More about Lars Jorgensen:
The “Conspiracy” Label
Now a mainstay of the Western lexicon, the term “conspiracy theory” is often employed as a pejorative to delegitimize an opponent’s argument without actually engaging that person’s points of debate. The accusation implies that the person labeled as “conspiracy theorist” is prone to credulous, prima facie acceptance of all theories that run counter to mainstream or official positions, regardless of how far-afield the other implied theories happen to be from the actual debate at hand.
In what might come as a surprise to many, the widespread use of the term ‘conspiracy theory’ is partly a product of the U.S. government’s intentional perception-manipulation in the socially and politically tumultuous 1960’s. Further, given the long history of undisputed government subterfuge in the U.S. and other Western states, and in light of voluminous extant evidence that conflicts with government explanations, it is perfectly rational to question official positions. In actuality, true credulity seems to rest with those who, prima facie, accept official positions without considering the full spectrum of logical and evidence-based possibilities.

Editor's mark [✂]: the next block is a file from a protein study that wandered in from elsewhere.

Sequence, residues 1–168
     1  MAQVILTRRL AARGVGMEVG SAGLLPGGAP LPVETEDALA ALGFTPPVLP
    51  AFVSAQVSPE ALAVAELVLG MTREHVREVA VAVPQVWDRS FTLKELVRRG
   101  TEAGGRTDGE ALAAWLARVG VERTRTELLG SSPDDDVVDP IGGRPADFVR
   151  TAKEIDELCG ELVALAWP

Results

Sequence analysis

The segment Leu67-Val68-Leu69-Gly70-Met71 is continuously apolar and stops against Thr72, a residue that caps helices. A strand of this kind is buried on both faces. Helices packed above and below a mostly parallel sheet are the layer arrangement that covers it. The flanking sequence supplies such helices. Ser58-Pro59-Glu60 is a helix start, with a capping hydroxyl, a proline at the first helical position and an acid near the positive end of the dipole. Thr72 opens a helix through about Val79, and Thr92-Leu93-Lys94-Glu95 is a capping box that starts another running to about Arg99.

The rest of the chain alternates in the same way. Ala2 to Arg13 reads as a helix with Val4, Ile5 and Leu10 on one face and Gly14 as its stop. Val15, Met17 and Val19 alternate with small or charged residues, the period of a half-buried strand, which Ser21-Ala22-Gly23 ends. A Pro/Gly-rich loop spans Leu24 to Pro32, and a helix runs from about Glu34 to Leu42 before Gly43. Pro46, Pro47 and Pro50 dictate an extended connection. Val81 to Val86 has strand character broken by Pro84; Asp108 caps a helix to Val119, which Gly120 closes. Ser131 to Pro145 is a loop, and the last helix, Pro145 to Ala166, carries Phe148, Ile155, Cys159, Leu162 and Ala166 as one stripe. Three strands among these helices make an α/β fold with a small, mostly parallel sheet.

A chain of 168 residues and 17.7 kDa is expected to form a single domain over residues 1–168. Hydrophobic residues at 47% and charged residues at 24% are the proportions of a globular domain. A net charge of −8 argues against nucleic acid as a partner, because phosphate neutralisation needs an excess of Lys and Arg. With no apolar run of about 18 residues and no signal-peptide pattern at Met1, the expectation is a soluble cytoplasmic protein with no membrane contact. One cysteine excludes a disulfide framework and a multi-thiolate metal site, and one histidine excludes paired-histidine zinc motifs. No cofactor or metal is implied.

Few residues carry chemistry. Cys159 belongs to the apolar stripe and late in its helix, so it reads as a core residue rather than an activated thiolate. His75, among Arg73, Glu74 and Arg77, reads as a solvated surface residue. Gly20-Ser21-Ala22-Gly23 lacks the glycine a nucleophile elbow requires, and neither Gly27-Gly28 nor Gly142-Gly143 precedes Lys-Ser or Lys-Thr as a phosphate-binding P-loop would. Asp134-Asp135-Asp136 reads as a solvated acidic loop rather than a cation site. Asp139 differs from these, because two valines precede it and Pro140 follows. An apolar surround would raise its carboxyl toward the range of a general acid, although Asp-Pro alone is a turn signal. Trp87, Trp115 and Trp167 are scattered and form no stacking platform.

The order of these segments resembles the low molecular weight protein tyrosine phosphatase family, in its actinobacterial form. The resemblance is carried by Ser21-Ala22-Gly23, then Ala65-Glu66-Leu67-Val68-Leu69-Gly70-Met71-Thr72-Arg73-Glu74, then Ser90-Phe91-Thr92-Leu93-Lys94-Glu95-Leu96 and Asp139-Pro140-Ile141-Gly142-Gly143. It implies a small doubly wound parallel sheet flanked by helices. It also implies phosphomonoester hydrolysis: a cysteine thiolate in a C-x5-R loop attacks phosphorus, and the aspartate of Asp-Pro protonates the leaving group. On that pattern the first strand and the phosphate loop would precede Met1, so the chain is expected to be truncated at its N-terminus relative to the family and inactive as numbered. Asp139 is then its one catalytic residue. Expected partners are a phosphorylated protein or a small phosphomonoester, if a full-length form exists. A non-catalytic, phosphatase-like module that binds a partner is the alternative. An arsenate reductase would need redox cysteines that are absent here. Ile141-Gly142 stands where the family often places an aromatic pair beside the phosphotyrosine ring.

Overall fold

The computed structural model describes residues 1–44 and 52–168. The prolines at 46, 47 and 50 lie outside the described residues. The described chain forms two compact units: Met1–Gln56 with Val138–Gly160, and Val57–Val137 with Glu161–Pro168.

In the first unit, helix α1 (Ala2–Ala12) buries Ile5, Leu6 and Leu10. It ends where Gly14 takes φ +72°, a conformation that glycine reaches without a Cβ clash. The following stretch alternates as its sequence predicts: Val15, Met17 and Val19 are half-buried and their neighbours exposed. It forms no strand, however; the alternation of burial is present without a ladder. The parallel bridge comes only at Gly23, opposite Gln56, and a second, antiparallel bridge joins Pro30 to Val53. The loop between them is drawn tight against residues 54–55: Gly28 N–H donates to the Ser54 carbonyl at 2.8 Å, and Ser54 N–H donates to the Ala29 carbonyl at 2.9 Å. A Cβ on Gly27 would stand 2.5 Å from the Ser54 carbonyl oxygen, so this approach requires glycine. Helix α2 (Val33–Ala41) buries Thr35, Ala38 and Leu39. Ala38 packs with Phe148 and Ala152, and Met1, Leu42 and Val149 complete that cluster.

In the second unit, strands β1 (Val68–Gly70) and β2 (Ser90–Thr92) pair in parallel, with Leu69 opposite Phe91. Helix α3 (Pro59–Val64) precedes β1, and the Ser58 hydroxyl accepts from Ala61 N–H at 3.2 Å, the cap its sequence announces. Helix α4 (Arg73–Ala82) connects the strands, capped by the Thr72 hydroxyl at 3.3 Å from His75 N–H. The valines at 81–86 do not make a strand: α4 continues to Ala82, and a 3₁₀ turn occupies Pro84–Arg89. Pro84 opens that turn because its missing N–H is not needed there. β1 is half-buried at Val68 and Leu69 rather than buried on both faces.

Though academia is very skeptical and probing with regard to its acceptance of certain official positions, it has largely failed to analyze other official claims that are challenged by abundant evidence. For example, scholars rightfully and expeditiously questioned the premise of the post-9/11 wars in Iraq and Afghanistan. In the case of the Iraq War, academics cited evidential inconsistencies in the Bush Administration’s attempt to connect Saddam Hussein with al-Qaeda and weapons of mass destruction (WMD). In the case of the post-9/11 Afghanistan War, scholars questioned the strategic viability of invading and occupying Afghanistan as an effective means to prevent future terror attacks. Conspicuously, the precursor to both of these U.S.-led wars, namely the U.S. government’s official explanation for the 9/11 attacks, has received relatively little scrutiny by the academic community; this, even despite ever-increasing contradictory physical evidence based on scientific research and shortcomings with respect to official investigations. Despite the existence of this evidence, questioning the accuracy of the official 9/11 explanation is still largely considered a practice of conspiracy theorizing by much of the academic community; if evidenced only by its failure to engage.
The following scholars discuss how the conspiracy label was deployed to manipulate U.S. and Western audiences: